In general, title examiners search real estate records, examine titles, or summarize pertinent legal or insurance details for a variety of purposes. They also may compile lists of mortgages, contracts, and other instruments pertaining to titles by searching public and private records for law firms, real estate agencies, or title insurance companies.
Title examiners examine documentation such as mortgages and agreements in order to confirm factors such as properties' legal descriptions or restrictions. They also copy or summarize recorded documents, such as mortgages and contracts, that affect property titles. Equally important, title examiners have to read search requests so as to ascertain types of title evidence required and to obtain descriptions of properties and names of involved parties. They are often called upon to ready reports describing any title encumbrances encountered during searching efforts, and outlining actions needed to clear titles. They are expected to obtain maps or drawings delineating properties from company title plants and/or assessors' offices. Finally, title examiners enter into recordkeeping systems appropriate data needed to generate new title records or update existing ones.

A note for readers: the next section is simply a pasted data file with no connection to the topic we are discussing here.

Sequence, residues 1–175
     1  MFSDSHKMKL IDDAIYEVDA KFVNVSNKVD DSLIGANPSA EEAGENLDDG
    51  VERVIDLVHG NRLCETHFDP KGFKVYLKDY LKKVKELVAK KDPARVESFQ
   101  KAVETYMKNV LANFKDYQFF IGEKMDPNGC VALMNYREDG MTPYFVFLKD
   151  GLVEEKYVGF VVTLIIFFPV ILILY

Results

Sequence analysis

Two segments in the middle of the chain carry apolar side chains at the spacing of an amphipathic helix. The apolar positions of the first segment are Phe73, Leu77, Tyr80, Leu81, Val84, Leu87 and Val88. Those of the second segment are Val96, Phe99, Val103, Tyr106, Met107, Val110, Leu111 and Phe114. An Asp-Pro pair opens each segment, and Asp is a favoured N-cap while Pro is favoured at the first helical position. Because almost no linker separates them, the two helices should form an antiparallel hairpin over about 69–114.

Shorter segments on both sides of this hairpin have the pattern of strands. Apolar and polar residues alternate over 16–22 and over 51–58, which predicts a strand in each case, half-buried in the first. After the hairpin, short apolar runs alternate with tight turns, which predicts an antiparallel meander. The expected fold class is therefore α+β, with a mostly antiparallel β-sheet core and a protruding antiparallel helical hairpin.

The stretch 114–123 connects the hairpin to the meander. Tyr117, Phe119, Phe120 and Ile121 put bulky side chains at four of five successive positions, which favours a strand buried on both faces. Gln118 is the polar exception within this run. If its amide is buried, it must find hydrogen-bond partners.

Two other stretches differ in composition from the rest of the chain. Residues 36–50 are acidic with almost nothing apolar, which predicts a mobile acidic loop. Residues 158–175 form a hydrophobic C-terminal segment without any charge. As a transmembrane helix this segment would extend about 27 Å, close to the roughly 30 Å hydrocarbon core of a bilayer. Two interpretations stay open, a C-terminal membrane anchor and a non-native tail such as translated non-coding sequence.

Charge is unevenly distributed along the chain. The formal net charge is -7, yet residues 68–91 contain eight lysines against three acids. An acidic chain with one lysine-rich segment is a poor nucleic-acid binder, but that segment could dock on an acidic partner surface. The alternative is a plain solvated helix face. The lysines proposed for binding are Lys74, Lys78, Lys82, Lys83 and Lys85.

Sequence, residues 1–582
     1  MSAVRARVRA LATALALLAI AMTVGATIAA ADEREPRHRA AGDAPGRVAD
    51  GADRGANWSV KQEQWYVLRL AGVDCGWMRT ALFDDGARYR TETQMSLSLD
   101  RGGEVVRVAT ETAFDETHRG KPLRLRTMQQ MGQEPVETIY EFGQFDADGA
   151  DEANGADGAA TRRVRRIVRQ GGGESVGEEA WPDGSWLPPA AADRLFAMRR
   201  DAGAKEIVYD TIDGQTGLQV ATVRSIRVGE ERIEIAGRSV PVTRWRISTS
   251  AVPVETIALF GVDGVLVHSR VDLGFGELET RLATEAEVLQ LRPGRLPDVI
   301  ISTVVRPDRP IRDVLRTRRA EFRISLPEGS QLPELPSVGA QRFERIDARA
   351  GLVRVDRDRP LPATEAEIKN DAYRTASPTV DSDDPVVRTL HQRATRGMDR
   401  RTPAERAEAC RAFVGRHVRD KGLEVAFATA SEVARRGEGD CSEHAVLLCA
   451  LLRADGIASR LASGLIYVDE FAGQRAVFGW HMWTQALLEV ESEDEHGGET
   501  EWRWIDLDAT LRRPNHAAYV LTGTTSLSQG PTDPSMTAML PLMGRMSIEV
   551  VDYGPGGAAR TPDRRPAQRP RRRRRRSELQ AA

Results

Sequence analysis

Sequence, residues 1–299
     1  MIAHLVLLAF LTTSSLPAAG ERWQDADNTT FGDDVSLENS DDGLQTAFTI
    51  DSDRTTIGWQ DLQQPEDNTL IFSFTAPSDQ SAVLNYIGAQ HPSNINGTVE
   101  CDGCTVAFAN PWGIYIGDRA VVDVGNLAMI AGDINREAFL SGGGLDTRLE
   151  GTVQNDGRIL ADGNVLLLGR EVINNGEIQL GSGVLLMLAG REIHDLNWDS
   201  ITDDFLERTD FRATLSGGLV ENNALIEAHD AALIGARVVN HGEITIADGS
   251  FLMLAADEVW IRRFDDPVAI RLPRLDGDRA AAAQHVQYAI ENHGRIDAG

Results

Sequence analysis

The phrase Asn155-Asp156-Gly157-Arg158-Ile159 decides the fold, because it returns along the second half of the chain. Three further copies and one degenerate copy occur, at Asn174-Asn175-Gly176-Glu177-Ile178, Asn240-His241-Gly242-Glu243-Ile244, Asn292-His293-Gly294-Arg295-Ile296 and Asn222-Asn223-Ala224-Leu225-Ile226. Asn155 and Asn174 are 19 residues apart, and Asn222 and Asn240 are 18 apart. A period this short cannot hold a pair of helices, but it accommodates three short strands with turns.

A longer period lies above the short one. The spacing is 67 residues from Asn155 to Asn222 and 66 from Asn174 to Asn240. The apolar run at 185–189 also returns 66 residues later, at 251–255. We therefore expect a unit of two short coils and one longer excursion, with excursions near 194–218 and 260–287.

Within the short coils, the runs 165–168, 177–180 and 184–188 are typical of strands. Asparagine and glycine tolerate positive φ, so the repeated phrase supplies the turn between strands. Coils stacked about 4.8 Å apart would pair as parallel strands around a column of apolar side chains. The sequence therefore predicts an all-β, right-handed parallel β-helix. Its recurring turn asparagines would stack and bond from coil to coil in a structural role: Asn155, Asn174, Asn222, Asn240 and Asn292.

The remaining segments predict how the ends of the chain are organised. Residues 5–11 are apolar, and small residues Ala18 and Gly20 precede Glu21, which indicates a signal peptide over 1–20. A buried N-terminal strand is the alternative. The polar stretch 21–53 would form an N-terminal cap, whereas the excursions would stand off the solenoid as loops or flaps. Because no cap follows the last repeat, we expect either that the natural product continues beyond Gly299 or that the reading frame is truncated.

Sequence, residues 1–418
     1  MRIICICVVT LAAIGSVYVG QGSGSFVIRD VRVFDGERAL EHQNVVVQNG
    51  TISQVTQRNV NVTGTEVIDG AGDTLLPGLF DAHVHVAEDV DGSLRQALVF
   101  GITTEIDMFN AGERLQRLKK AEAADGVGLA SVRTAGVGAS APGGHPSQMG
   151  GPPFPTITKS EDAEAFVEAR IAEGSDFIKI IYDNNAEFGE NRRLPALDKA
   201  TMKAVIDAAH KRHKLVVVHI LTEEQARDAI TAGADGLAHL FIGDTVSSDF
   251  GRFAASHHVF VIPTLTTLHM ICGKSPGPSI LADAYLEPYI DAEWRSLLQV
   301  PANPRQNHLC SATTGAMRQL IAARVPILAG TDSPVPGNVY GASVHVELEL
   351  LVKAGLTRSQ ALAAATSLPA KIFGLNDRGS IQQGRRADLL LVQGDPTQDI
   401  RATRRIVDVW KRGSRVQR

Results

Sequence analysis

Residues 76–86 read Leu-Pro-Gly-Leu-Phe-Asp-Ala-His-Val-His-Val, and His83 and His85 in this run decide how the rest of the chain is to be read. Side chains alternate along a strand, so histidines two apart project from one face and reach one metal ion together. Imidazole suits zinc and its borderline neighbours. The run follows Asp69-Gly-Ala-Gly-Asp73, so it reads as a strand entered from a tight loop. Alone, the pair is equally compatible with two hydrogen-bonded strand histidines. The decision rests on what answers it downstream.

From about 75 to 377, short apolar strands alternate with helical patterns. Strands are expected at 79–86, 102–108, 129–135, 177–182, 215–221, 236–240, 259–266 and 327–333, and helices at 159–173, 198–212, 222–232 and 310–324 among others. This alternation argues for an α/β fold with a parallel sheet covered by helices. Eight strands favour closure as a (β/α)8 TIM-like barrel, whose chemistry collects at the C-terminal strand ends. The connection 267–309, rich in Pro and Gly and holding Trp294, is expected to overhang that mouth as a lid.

Every day, title examiners are expected to be able to read and understand documents and reports. They need to articulate ideas and problems.